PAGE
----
To paraphrase Michel Foucault in his discussion of the ‘author-function’ in literature, when something is represented in a way that inverts its historical function then it is likely to be ideological - that is, it is a concept produced by social power relations (‘What is an author?’ p 3). In the case of literature, the truth of a text is conventionally thought to be what the author meant. This may may seem like ‘natural’ common sense; however, there are in fact many ways one could read a text: using a historical lens, a feminist one, a Marxist one and so on. These might generate meanings of which the author had no awareness and with which he or she might heartily disagree - yet they are still valid readings of the words on the page. When it comes to mothers, the idea of Nature operates in a similar way, constraining the possible meanings of motherhood. Mothers are exalted as both natural and good - as long as they follow the cultural script set for them. By contrast, women who don’t become mothers or mothers who defy cultural convention, intentionally or not, are unnatural. Nature therefore defines all women. 
But the way we think about motherhood doesn’t have to be this binary: either / or, good / bad, natural / unnatural.  As beings endowed with consciousness, women, like men, are able to draw on culture as well as nature and make meanings from both. In a 2012 article for the Huffington Post, Elisabeth Badinter concluded that a cultural response is necessary to combat the return to naturalism:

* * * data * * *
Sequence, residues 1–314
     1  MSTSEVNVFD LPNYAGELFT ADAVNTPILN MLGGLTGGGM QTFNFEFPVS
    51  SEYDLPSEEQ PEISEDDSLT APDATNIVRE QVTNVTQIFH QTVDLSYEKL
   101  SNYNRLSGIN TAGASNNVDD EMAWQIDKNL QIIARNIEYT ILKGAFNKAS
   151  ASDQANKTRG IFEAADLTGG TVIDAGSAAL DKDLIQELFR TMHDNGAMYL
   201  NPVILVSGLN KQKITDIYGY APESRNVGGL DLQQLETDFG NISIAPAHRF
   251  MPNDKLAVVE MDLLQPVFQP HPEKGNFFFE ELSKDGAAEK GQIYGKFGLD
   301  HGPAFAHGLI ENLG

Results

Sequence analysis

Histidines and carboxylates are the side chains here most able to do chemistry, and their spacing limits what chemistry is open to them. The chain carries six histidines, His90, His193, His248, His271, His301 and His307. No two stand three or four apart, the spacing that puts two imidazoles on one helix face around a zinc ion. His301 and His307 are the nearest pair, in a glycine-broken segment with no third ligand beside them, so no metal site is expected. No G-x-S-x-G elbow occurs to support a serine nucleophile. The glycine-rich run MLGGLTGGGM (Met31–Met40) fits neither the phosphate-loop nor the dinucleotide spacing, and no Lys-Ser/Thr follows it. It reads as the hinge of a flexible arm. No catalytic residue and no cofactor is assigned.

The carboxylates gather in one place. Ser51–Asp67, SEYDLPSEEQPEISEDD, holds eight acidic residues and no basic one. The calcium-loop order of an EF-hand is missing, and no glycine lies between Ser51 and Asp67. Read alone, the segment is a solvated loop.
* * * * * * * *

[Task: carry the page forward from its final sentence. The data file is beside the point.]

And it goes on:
Women ... are endowed with consciousness, personal histories, desires and differing ambitions. What some do well and with pleasure, others do badly or out of duty. By failing to take account of women's diversity, by imposing a single ideal of motherhood, by pursuing the notion of a perfect mother -- one who has the exclusive responsibility of making or breaking her children -- we fall into a trap. We neglect the other business of modern women: the unfinished assault on the glass ceiling, the fight to close the salary gap, the struggle for equality at home. We overlook women's need for financial independence at a moment when one marriage in two ends in divorce.
Women might begin to reverse the trend by rallying behind the breadth of their aspirations -- personal, maternal, and professional. We might begin by affirming that whether mothers give birth by epidural or in a hydrotherapy tub, breast-feed or mix formula, co-sleep or opt for a crib, stay at home or enroll in daycare, their children will be fine. In our developed world, both sets of children will thrive. In their effect on our children, the differences in approach are marginal. By losing sight of this truth, we lose sight of another: that the choices we make as mothers have no small bearing on our status as women. ('A Philosopher's Case Against Modern Motherhood')  
Paying a little less attention to what culture says nature means, and beating ourselves up when we inevitably fall short, seems like a good place to start. Because, contrary to what culture tells us, motherhood doesn’t come naturally.